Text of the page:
Luckily, more than 60% are still turning to healthcare professionals
The pandemic resulted in a shift in how people viewed their own health, spurring them to take control in a way they hadn’t before. That has led to the rise of digital and virtual care, including telehealth, as well as at-home care and remote patient monitoring.
While most would likely agree that patients taking control of their own care is ultimately a good thing, they’d also have to acknowledge that it requires a degree of knowledge and attention on the part of patients that they might not be used to. It also means they may be getting advice about their health from less traditional, meaning less qualified, sources.
On Monday, Quest Diagnostics revealed the results of its first “Know Your Health” survey, which the company says, “highlights how the U.S. adult population prioritizes their health, where they go for medical advice, and how proactive they are with staying on top of their overall well-being.”
What it found is that people are getting more used to taking control of their care, with 69% saying they’re comfortable with telehealth visits, and 81% saying they’re comfortable using at-home COVID tests.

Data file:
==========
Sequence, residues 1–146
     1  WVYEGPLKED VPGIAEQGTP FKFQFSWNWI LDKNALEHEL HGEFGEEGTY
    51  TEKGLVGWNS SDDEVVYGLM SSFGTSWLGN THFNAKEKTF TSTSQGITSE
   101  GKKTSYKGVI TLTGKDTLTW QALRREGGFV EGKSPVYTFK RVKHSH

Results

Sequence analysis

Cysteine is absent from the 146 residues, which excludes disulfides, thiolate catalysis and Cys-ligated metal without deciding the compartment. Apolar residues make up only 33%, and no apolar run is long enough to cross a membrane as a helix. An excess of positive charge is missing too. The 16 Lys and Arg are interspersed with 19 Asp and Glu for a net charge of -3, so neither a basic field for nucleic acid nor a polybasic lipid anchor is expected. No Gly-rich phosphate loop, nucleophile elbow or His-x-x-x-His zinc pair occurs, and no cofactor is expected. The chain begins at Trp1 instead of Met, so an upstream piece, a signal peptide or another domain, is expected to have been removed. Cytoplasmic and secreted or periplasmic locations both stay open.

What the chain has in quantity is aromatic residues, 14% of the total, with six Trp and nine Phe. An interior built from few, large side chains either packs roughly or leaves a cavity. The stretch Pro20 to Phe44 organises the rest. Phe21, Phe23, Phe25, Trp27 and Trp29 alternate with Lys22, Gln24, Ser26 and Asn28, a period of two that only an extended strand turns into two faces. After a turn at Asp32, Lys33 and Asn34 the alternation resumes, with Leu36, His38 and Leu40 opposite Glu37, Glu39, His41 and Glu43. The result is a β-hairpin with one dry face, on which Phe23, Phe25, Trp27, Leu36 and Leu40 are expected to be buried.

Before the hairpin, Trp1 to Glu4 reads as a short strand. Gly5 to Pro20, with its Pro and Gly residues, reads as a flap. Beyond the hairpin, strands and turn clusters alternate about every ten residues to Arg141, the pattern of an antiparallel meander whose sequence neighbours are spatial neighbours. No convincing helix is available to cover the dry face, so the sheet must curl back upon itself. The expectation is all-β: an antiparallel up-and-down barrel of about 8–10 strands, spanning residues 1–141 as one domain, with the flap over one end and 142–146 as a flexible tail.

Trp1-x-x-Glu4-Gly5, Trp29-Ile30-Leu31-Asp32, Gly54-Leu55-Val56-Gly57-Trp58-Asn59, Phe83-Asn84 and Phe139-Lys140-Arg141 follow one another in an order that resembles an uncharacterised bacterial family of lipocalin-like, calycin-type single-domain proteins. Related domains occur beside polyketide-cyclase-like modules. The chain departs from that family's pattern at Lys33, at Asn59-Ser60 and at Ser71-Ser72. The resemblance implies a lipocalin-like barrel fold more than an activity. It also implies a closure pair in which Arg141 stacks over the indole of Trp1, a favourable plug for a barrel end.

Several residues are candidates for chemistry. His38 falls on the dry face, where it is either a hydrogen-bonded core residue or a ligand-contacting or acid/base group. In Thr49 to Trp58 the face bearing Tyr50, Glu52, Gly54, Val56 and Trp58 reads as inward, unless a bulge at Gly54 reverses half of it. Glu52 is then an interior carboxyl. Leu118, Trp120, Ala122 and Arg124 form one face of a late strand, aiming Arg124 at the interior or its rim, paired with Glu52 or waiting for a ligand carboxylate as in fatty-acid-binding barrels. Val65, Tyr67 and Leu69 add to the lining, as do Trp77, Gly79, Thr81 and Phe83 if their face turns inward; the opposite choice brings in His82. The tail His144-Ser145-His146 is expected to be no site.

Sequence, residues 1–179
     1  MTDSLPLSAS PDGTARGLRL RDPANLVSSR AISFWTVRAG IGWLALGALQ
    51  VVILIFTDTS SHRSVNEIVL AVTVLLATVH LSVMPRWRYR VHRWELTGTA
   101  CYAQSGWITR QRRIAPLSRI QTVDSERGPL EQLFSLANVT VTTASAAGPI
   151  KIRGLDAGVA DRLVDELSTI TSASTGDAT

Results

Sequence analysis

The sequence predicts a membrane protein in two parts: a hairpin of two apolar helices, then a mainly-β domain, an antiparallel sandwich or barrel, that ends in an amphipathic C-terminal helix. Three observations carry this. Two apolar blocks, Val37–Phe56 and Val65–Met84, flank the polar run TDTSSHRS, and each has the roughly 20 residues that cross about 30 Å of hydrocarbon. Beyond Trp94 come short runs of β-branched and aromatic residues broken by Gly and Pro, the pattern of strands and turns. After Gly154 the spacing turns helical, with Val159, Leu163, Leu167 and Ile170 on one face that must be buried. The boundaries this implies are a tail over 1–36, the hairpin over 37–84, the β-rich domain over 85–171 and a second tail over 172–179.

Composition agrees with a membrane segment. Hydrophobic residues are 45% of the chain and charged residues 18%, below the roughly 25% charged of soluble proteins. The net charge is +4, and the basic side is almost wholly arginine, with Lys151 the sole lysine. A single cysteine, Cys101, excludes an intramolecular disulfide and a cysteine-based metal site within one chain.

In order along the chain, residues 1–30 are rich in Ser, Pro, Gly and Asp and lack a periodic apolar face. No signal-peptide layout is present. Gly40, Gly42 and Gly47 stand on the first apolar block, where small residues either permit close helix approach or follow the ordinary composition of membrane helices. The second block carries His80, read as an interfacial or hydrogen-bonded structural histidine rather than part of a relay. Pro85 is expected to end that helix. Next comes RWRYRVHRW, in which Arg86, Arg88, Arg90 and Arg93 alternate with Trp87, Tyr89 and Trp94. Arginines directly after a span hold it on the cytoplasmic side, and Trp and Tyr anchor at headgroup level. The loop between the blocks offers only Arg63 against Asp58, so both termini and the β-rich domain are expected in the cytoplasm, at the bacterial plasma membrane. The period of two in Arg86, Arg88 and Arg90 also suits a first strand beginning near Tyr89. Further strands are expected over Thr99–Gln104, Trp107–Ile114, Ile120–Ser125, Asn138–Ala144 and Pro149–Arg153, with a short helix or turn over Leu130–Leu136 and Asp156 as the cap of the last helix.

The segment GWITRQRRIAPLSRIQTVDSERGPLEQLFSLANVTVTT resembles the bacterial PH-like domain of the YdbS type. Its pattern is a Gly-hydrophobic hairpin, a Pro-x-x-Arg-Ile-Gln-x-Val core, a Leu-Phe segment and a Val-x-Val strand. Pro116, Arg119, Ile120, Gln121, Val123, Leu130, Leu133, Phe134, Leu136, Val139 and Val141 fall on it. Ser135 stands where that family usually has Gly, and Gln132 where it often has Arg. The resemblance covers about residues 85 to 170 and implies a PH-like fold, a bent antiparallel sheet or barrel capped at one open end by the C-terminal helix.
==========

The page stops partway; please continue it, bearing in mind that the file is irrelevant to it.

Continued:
At the same time, a significant portion of the population is now getting medical advice from people who may not be qualified to do so: of the 2,085 adults aged 18 or over who were surveyed in late December, 52% said they utilize Internet searches to get medical advice, while 22% get health advice from social media influencers. That percentage increases as the respondents get younger. While only 3 percent of Boomers get advice in this way, and 18% of Gen Xer, the number jumps to 39% of Millennials and 40% of Gen Z.
Luckily, the largest percentage are still getting their advice from people who are actually qualified to be giving it, with 63% going to a healthcare professional, including 44% of Gen Zers.
There is still a lack of basic information that most people have about their own health; the survey found that while 51% of people know their own blood type, and only 20% know their cholesterol level. As Quest (rather cheekily) points out, that’s compared to 66% of Americans who know their horoscope sign, and 58% who know their credit score.
Once again breaking it down by age, only 47% of Millennials and 32% of Gen Zers know their blood type.
There is still work to do in terms of not only giving people information that need (only 37% of people knew they could purchase lab tests, such as thyroid, cholesterol, and food allergies, without seeing a doctor’s first), but also motivating them to take care of themselves: 57% of those surveyed said they have procrastinated scheduling a routine check-up.
“Now more than ever, consumers are interested in convenient and individualized healthcare that puts the power back in their hands. Being proactive in seeking out personal diagnostics offers consumers the capacity to help them avoid potential health complications in the future and live a healthier life,” said Nick Bellos, MD, National Medical Director Extended Care Services, Quest Diagnostics, in a statement.
(Image source: mdnewsline.com)